Jason Kenny wins seventh Olympic gold as he steals away to take Keirin title in Tokyo

The Brit put in an audacious attack, sprinting clear with three laps to go

Jason Kenny
(Image credit: Getty)

Jason Kenny has won his seventh Olympic gold medal in the Keirin at the Tokyo Olympics, making him the most successful Briton in Games history.

The 33-year-old won with an audacious attack, sprinting clear of his rivals as the derny pulled off with three laps to go. 

The other riders hesitated, Matthew Glaetzer looking around to see if anyone else was going to chase, as Kenny put his foot down. With two laps to go, he was barely more than a quarter of a lap ahead, but he held this advantage and rounded the final turn with daylight between him and the other finalists, crossing the line 0.763 seconds ahead.

Malaysia's Awang took the silver medal, outsprinting the Netherlands' Harrie Lavreysen, the Dutchman having already picked up two golds this Games in the sprint and team sprint.

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"Well I hope you all stayed up to watch that!!" said Chris Hoy, as Kenny eclipsed his Olympic gold medal record. "The most incredible Keirin I’ve ever seen, won by Britain’s most successful Olympian ever - Jason Kenny! Proud of you mate."

Kenny had looked questionable to retain his Olympic Keirin title after needing to qualify for the quarter-finals through repechages following his first-round defeat.

He then finished second in his quarter-final heat behind Colombia's Quintero, before just edging out Australia's Glaetzer to win his semi-final.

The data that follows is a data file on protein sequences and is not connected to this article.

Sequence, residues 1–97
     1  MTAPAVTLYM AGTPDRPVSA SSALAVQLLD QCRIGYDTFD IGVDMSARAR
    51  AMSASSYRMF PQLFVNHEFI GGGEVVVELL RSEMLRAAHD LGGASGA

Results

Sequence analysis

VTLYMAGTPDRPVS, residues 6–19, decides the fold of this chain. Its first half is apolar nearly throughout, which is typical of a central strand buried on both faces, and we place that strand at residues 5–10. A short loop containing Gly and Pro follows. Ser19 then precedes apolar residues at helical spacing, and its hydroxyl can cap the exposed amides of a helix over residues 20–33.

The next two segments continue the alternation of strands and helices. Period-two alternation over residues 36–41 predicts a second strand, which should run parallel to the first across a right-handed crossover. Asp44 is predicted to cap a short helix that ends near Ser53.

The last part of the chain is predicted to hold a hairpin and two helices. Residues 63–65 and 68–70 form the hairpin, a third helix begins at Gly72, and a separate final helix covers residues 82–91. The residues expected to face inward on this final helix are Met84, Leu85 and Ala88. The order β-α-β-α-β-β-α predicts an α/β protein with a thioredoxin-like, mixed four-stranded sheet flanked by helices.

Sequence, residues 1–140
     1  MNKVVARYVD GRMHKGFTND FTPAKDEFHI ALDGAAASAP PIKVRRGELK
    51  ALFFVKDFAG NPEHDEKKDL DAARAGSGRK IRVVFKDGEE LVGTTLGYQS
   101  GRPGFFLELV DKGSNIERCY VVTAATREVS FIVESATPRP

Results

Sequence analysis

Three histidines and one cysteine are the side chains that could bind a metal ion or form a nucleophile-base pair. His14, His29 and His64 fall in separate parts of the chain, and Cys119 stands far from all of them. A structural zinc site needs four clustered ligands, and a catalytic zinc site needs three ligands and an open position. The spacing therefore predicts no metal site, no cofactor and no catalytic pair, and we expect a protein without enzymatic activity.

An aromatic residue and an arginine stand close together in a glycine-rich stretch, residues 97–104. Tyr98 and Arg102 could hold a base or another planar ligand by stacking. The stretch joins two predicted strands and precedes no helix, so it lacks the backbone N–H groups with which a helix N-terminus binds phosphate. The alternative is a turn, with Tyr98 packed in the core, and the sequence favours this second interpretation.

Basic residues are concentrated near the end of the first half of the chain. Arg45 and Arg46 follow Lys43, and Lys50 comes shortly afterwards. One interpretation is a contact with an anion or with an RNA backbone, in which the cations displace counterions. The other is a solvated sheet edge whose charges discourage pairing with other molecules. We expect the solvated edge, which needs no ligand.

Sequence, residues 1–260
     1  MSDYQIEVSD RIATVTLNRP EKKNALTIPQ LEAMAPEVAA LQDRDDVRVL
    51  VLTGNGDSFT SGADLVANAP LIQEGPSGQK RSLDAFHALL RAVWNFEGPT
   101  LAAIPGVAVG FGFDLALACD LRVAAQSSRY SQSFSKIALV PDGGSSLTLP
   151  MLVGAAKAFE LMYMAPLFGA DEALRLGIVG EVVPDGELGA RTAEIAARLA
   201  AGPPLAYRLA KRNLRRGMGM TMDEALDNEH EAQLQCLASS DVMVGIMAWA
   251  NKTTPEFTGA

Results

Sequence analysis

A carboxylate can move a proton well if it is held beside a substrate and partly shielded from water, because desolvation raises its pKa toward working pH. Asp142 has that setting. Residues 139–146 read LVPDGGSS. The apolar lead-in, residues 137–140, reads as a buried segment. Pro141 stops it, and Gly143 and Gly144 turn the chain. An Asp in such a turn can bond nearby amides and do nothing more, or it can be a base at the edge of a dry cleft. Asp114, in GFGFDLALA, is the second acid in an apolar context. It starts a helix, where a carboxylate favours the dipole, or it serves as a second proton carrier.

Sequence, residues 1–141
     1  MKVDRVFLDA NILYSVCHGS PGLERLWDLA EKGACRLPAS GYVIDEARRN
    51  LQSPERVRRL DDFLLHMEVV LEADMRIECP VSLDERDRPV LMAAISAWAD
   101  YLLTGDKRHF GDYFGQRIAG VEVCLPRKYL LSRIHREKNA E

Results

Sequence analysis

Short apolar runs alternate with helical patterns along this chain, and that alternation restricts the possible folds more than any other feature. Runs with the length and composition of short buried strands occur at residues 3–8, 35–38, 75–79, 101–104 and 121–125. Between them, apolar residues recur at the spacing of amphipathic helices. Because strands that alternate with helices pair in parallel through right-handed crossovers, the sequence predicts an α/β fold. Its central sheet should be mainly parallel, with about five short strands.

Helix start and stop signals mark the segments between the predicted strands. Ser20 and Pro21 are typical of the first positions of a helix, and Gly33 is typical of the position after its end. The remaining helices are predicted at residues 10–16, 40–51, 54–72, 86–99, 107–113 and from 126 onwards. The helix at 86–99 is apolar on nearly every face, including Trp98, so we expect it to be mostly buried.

Jack Carlin was in the same semi-final as his compatriot Kenny, yet just missed out on the final by one spot, finishing fourth behind Suriname's Jair Tjon En Fa to bring his debut Games to a close, having won silver in the team sprint and bronze in the sprint.

Kenny was also a part of the team sprint squad, and adds this gold to that silver, having now won a total of nine - seven gold, two silver - medals during his Olympic career.

Jonny Long

Hi. I'm Cycling Weekly's Weekend Editor. I like writing offbeat features and eating too much bread when working out on the road at bike races.


Before joining Cycling Weekly I worked at The Tab and I've also written for Vice, Time Out, and worked freelance for The Telegraph (I know, but I needed the money at the time so let me live).


I also worked for ITV Cycling between 2011-2018 on their Tour de France and Vuelta a España coverage. Sometimes I'd be helping the producers make the programme and other times I'd be getting the lunches. Just in case you were wondering - Phil Liggett and Paul Sherwen had the same ham sandwich every day, it was great.